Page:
Clients have often asked if the number of twitter followers you have and facebook fans affects rankings and it does. As seo professionals, we always knew it was important but there was never any confirmation from the search engines till this week.
On December 1st, Danny Sullivan, from search engine land published an interview he took with Bing and Google which confirmed that links shared through Twitter and Facebook have a direct impact on rankings. You can find out more here:
Below is the interview by Danny Sullivan
Danny Sullivan: If an article is retweeted or referenced much in Twitter, do you count that as a signal outside of finding any non-nofollowed links that may naturally result from it?
We do look at the social authority of a user. We look at how many people you follow, how many follow you, and this can add a little weight to a listing in regular search results. It carries much more weight in Bing Social Search, where tweets from more authoritative people will flow to the top when best match relevancy is used.
Yes, we do use it as a signal. It is used as a signal in our organic and news rankings. We also use it to enhance our news universal by marking how many people shared an article [NOTE: see the end of this article for more about that].
Danny Sullivan: Do you try to calculate the authority of someone who tweets that might be assigned to their Twitter page. Do you try to “know,” if you will, who they are?
Yes. We do calculate the authority of someone who tweets. For known public figures or publishers, we do associate them with who they are. (For example, query for Danny Sullivan)
Yes we do compute and use author quality. We don’t know who anyone is in real life 🙂
Danny Sullivan: Do you calculate whether a link should carry more weight depending on the person who tweets it?
Yes we do use this as a signal, especially in the “Top links” section [of Google Realtime Search]. Author authority is independent of PageRank, but it is currently only used in limited situations in ordinary web search.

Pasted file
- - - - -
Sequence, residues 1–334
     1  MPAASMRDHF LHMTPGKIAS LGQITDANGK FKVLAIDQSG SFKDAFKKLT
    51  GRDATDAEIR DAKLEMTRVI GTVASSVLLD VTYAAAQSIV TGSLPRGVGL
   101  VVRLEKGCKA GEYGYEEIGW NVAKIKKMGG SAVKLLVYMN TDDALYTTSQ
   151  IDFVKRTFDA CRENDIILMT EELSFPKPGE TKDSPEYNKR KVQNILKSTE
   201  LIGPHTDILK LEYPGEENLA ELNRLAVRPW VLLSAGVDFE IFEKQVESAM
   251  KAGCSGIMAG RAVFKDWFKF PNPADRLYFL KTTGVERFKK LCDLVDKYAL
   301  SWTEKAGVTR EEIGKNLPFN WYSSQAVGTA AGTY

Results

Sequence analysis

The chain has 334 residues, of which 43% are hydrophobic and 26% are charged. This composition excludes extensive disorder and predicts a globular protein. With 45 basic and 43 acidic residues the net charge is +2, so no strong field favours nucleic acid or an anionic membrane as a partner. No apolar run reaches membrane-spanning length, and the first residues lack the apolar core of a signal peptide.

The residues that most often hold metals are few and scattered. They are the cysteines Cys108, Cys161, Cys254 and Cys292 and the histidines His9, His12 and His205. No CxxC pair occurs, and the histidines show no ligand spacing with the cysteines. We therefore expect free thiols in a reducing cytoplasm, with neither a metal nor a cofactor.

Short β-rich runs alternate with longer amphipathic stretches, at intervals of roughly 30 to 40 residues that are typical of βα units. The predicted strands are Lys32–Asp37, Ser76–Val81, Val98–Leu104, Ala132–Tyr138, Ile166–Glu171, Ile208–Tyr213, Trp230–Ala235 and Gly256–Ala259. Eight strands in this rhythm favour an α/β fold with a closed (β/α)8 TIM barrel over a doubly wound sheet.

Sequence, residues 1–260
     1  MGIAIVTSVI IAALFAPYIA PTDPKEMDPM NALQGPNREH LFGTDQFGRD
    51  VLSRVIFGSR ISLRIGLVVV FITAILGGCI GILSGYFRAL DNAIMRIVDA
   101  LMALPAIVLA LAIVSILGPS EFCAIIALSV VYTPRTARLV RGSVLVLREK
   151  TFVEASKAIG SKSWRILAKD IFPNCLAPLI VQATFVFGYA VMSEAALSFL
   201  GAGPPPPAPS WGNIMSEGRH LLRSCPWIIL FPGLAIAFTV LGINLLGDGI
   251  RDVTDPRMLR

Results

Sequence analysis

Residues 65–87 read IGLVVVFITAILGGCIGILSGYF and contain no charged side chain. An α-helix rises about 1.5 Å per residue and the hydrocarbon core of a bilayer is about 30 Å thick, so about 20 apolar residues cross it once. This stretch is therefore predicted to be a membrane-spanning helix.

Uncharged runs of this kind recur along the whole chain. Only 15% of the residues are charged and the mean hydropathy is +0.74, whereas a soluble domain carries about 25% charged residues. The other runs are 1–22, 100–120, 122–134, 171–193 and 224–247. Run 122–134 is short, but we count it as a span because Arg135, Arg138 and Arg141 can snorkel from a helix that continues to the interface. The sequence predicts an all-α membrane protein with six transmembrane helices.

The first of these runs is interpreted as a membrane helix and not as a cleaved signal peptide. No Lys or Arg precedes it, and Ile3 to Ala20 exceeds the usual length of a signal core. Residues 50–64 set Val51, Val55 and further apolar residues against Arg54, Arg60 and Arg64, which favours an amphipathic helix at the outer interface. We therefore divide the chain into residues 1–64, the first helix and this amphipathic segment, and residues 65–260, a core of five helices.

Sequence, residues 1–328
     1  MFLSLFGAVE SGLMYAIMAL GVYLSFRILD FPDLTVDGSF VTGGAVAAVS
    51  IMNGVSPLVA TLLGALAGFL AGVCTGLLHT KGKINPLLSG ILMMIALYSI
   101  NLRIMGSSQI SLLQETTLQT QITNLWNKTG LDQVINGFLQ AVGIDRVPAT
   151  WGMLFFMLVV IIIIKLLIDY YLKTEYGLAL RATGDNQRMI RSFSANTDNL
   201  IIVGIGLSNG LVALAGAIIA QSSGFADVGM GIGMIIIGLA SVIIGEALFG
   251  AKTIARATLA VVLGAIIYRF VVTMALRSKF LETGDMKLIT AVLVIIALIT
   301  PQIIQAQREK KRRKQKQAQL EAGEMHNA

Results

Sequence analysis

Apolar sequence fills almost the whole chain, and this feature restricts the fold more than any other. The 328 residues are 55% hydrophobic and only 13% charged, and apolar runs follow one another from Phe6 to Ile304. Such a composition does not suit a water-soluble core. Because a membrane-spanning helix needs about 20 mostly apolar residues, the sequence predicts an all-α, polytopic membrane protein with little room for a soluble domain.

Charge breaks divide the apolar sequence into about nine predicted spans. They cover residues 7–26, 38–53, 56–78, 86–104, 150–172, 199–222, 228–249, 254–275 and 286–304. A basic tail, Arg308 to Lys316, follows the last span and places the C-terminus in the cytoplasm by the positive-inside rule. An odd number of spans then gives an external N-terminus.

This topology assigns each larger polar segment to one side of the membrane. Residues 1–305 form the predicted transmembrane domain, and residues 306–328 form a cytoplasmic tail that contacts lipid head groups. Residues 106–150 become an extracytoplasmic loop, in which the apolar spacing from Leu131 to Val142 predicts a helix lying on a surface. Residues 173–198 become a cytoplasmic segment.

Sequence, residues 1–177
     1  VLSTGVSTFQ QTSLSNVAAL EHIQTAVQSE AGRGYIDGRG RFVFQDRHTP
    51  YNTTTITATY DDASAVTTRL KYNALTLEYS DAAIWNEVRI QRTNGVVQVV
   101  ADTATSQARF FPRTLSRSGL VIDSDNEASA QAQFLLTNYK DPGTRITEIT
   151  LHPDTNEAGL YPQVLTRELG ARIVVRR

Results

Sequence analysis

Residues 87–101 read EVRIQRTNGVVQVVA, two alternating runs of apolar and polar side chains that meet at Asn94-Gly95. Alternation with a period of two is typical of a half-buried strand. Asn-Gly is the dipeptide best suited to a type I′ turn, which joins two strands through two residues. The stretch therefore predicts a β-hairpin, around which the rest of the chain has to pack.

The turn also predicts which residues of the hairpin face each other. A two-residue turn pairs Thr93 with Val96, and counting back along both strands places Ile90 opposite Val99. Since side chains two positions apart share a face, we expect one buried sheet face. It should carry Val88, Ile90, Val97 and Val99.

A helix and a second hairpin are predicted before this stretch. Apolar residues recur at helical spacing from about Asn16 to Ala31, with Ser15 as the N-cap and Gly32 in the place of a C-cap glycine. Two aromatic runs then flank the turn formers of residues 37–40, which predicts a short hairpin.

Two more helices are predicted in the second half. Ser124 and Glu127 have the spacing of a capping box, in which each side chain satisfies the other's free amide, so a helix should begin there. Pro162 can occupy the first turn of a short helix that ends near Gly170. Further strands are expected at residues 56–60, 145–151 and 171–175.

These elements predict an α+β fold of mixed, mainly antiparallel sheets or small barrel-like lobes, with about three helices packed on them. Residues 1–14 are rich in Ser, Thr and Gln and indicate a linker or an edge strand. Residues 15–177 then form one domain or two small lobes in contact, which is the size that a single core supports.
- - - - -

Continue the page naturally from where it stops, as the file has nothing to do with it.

Danny Sullivan: Do you track links shared within Facebook, either through personal walls or fan pages?
Yes. We look at links shared that are marked as “Everyone,” and links shared from Facebook fan pages.
We treat links shared on Facebook fan pages the same as we treat tweeted links. We have no personal wall data from Facebook.
Danny Sullivan: Do you try to calculate the authority of someone on Facebook, either say via their personal wall or their fan page.
We don’t do this on Facebook. On Facebook, we only get what’s public, only updates and things you’ve posted to everyone as viewable. We don’t get things only shared with friends, so we don’t know how authoritative you are on Facebook. There isn’t the whole convenient retweet mechanism we see on Twitter.
We do see valuable content shared by Facebook users, even though we only get what’s public. For example when Gary Coleman died we saw a video from Different Strokes, saying his favorite line “what ya talk’in ’bout Willis” gain popularity. It happened to be what a lot of people are sharing on the day he passed away.
Again, the treatment is the same as for Twitter. And we have no personal wall data from Facebook.
Danny Sullivan: Do you calculate whether a link should carry more weight depending on the person who shared it on Facebook?
We can tell if something is of quality on Facebook by leveraging Twitter. If the same link is shared in both places, it’s more likely to be legitimate.
Same as question 5.
So what does this mean for seo? Well it confirms what we already knew and the same best practices of seo can be applied here.
Facebook and Twitter can be seen as an external link building channel. The more varied the links from the different Twitter and Facebook fans, the better. So you can’t go on retweeting a post x number of times from the same account, hoping to build more authoritative links, it just won’t work.
I am pleased Google and Bing confirmed the impact of social media on seo as it proves my point that integration is the key in this digital space.